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‘Little Devils’ Game’ honors Boruca past

January 5, 2012

See more photos from the Little Devils’ Game

    

BORUCA, Puntarenas – Paint splotches Julio César Maroto’s bare chest. His long black hair has been straightened and drops down to his waist. Maroto remarks on the giant tree that his people hid in when the Spaniards overran Costa Rica 500 years ago. He fits on a mask and poses with old friends.  

He feels rejuvenated, the relief of returning to a land that’s familiar.

For the last seven years, Maroto has worked in landscaping in the northeast United States. Before New Year’s Eve, he always makes a pilgrimage home to the indigenous village of Boruca, in the mountains of the Southern Zone, to join in his community’s most important tradition, the “Juego de los Diablitos” (Little Devils’ Game).

“The most important thing for us is the defense of our culture. Our fight to conserve what they wanted to take away from us,” said Maroto, 34, referring to both Christopher Columbus and present-day encroachments.

Village members say the tradition began soon after Spanish conquistadors massacred the region. The game serves as an alternative history, where Latin America’s Spanish conquerors, represented by a bull, combat Boruca tribe members dressed as devils in intricate wooden masks and outfits made of burlap and banana leaves. The bull consists of a hefty square burlap costume, with a head and dangling tail.

In this telling – which draws the entire 2,500-member village and a few hundred tourists in a three-day performance that includes dancing, the drinking of alcoholic chicha (corn beer), little sleep and a fight to the death – the Boruca defeat the invading Europeans. Nicanor Lázaro, a village elder, begins the festival Dec. 30 at midnight by blowing into a conch shell. The performance ends on Jan. 2 with the burning of the bull. 

“It inspires me,” said Ana María Sánchez, 45. “The ceremony is an important source for all of Boruca.”

Anyone can watch videos online of the “battles” occurring around the village. Aggressive horseplay, motivated by ladles of chicha and thick stews cooked by Boruca women, has the bull sending diablitos tumbling into ditches and leaving participants with gashes. Tribe members post photos of their masks of boar heads or devilish beings on Facebook.

Technology has brought more attention to this small terrain up in the hills and its unique New Year’s tradition. Improvements in the country’s infrastructure have given the Boruca better access to medical care, a tourism-based economy instead of agriculture, and faster routes to San José. Almost nobody knows the native language anymore, preferring Spanish.

But many Borucas do not venture too far from their roots. They, like Maroto, express gratification in the festival. The experience has undergone its own progression.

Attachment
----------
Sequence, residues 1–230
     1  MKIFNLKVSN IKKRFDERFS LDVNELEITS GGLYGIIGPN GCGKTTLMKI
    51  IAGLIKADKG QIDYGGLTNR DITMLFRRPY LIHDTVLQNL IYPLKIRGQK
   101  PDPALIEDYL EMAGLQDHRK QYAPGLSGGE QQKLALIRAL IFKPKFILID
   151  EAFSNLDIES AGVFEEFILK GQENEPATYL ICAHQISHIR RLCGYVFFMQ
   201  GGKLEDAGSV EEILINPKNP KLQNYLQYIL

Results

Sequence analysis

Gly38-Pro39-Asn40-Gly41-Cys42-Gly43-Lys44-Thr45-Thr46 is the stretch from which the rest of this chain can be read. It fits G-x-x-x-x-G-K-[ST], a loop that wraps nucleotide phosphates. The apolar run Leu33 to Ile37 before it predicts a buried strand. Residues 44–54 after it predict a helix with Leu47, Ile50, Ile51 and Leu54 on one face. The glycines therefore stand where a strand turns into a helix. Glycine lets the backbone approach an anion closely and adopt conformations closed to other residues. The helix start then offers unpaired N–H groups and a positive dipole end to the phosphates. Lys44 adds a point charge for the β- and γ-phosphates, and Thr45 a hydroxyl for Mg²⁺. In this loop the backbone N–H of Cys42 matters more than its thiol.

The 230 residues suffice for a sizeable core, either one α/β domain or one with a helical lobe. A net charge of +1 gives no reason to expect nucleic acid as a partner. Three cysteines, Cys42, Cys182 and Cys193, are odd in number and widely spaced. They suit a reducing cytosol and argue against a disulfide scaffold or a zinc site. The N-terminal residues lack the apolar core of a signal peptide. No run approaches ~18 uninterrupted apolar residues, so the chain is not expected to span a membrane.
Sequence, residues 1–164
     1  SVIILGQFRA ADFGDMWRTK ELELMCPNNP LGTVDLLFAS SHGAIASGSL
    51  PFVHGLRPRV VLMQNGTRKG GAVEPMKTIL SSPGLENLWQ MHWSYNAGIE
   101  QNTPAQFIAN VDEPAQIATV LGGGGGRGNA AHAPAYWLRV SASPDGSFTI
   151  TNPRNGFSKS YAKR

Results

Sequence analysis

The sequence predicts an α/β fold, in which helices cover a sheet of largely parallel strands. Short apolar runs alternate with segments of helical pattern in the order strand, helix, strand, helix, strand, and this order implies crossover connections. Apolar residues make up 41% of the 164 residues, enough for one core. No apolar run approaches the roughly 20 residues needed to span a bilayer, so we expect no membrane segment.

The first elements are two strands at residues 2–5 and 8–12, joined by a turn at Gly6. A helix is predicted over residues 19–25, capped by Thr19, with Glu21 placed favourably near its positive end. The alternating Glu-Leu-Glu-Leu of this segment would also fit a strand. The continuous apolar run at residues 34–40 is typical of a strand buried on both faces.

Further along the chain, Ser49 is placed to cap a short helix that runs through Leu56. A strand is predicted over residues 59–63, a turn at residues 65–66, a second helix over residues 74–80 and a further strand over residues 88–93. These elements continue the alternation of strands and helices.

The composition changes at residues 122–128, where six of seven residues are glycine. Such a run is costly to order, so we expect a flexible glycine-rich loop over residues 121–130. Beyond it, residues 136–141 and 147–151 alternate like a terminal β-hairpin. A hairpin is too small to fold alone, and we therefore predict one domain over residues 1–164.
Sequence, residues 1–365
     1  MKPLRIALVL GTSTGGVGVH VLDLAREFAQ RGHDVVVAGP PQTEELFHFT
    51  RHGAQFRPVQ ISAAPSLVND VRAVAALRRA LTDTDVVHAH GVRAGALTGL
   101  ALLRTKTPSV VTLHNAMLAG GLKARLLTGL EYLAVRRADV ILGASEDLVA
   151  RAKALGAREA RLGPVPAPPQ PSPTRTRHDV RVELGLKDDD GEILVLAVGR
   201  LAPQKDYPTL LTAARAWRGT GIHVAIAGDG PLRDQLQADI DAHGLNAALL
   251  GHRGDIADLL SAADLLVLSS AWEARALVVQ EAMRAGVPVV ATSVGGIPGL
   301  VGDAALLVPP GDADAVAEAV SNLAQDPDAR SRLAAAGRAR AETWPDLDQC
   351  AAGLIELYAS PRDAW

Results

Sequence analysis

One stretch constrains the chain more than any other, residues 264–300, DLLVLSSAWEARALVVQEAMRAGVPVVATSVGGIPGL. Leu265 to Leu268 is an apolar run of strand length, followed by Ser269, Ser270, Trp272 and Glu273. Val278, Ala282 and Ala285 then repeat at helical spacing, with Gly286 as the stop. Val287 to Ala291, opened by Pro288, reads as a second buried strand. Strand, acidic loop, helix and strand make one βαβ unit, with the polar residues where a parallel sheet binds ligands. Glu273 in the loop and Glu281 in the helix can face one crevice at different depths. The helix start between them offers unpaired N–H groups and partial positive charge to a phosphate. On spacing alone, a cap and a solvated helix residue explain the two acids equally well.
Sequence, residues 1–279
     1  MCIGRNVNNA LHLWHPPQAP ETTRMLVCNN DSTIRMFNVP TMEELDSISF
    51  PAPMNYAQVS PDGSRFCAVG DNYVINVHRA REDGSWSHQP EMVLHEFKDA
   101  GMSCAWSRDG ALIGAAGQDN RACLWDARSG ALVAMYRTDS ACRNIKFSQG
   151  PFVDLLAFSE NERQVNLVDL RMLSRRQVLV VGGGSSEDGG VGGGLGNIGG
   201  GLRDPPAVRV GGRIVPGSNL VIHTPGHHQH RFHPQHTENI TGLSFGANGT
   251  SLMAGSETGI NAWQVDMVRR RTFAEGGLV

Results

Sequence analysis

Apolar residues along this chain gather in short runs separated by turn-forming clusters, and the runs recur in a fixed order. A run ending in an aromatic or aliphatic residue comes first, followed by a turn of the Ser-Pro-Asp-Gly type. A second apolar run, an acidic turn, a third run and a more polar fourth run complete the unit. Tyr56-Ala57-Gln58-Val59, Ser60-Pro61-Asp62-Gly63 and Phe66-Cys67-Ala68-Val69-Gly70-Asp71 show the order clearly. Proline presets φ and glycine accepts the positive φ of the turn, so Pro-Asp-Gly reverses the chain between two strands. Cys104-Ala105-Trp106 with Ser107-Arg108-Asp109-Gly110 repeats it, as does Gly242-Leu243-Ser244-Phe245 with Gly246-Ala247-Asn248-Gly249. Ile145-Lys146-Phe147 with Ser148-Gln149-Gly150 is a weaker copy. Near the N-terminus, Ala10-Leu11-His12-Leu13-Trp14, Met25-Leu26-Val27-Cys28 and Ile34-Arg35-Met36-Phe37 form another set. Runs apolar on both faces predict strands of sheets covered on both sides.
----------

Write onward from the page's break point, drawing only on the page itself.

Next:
Artists create more detailed headwear including feathers and carvings of jungle animals, mixing them with more traditional, and less marketable, masks that often are colorless and display visages of impish creatures with gnarly fangs. The last two festivals included ancestral spirit costumes. The spirits exist in the old narrative, but only recently have the Boruca made these elaborate characters active participants in the game. 

The organization itself has improved. Pica Lockwoood, a U.S. citizen who lives in California, did Peace Corps work in Boruca from 1991 to 1997 and eventually married one of the tribe members. Lockwood, 44, has not missed a Juego de los Diablitos in 21 years. She came even during the years her husband couldn’t visit. 

Lockwood and her husband, Aníbal Maroto, lamented certain changes away from tradition that “are not easy to accept,” but considered it for the best, since the roots of the festival remain.

“In one way it’s better now, the costumes are more interesting,” said Lockwood, who was accompanied by their infant child. “They used to be very simple. There seems to be more indigenous pride than when I first saw it in 1991.” 

In the mid-1990s, Lockwood started the festival committee that helps ensure money from tourists goes to the community. The committee sells “rights” ($10) to take photos at the event, and hosts a dance party. 

Harold Rojas, 23, who spends the year studying for a degree in sustainable tourism in San José, assisted the committee. When he was 12, Rojas told his mother he wanted to learn English, and he’s one of the few that speak it in Boruca. He hopes to bring more regulation to the growing tourism industry in the village. 

Rojas labors until 6 a.m., cleaning up trash around the village before the festival’s final battle. In the evening, he dawns his diablito mask. Curly tresses hang from the front of the mask, cut from Rojas’ head after he let his hair grow for two years. 

In the middle of town, he meets other Borucas, who are sufficiently drunk to overcome their exhaustion. They stagger toward the bull. Those waiting their turn to put on the bull costume stand to the side, inhaling cigarettes in black tank tops. With the diablitos facing near defeat, the ancestral spirits help kill the bull. 

A celebration begins. Diablitos leap through the bonfire, yanking the bull’s smoldering remains through the crowd. Some try to sell their masks. In Spanish and English, the players thank the tourists for coming. 

The festival’s energy stirs Borucas, who see the ritual as more than just a remembrance of the past. As their world expands, the diablitos emphasize a rich culture that has persevered through thousands of years.

 “It’s my support,” Maroto said. “It keeps me going every year.”

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